The Septuagint or Greek translation of the Old Testament of the Bible uses a differrent numbering of the Psalms from the usual Hebrew numbering adopted by Luther and later translators.
The title “Vulgate” is currently applied to three distinct texts which can be found from various sources on the Internet. Which text is used can be ascertained from the spelling of Eve’s name in Genesis 3:20.
- Heva: the Clementine Vulgate.
- Hava: the Stuttgart edition of the Vulgate.
- Eva: the New Vulgate.
- The Vulgate Bible is the Latin translation atributed to St. Jerome. The official Latin Bible of the Roman Catholic Church from 1592 to 1979, it lent its numbering of the psalms to countless compositions.
- The Stuttgart Vulgate is a critical edition of St. Jerome's Vulgate, published in 1969 and restoring many readings older than the Clementine Vulgate commisioned by the Council of Trent. This edition seeks to recover a text as close as possible to that of early manuscripts, especially in respect of the removal of many interpolated readings that found their way into the Clementine Vulgate.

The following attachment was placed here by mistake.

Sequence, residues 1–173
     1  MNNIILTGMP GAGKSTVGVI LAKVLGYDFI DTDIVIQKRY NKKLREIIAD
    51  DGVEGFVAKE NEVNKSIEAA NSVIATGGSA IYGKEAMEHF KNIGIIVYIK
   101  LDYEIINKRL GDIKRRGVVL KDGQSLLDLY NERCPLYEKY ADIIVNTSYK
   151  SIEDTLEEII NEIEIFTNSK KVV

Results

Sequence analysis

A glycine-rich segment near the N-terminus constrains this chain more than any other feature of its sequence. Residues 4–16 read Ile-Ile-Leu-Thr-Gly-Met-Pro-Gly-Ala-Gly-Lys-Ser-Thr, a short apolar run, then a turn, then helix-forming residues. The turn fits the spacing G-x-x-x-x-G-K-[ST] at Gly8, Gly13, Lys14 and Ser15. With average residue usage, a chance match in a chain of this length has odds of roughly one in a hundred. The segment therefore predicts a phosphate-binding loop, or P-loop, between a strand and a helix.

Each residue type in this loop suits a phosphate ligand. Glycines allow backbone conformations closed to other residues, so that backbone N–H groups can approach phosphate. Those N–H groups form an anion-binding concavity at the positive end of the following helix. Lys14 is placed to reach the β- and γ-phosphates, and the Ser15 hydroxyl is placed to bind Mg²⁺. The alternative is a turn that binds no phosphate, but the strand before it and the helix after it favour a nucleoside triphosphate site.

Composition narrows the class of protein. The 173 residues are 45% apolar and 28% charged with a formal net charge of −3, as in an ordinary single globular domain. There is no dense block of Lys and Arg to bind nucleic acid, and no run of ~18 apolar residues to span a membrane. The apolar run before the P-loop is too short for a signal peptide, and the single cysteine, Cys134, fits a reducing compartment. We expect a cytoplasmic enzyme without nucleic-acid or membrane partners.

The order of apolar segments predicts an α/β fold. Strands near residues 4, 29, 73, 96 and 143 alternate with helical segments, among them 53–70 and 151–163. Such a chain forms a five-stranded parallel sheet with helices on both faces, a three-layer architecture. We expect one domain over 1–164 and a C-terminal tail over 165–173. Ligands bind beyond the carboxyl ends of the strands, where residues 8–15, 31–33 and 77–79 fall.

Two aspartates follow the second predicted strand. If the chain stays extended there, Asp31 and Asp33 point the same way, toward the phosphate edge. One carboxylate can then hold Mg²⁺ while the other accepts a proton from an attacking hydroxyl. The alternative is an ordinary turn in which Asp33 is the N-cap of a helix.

- It contains two psalters, the Roman and Gallician, regarded as Jerome's first and second drafts, respectively.
- The New Vulgate or Nova Vulgata is the current official Latin Bible of the Roman Catholic Church since 1979. Amended and modified; it is in some passages more a new version rather than a revision. The current Nova Vulgata restores the Masoretic numbering familiar to non-Catholic readers of the bible.
King James Version
The King James Version is an English translation of the Christian Bible conceived in 1604 and brought to fruition in 1611 by the Church of England. In January 1604, King James I of England convened the Hampton Court Conference where a new English version was conceived in response to the perceived problems of the earlier translations as detected by the Puritans, a faction within the Church of England. Printed by the King's Printer, the first edition included schedules unique to the Church of England; for example, a lectionary for morning and evening prayer.
The translation was by 47 scholars, all of whom were members of the Church of England. In common with most other translations of the period, the New Testament was translated from the Textus Receptus (Received Text) series of the Greek texts. The Old Testament was translated from the Masoretic Hebrew text, while the Apocrypha were translated from the Greek Septuagint (LXX), except for 2 Esdras, which was translated from the Latin Vulgate.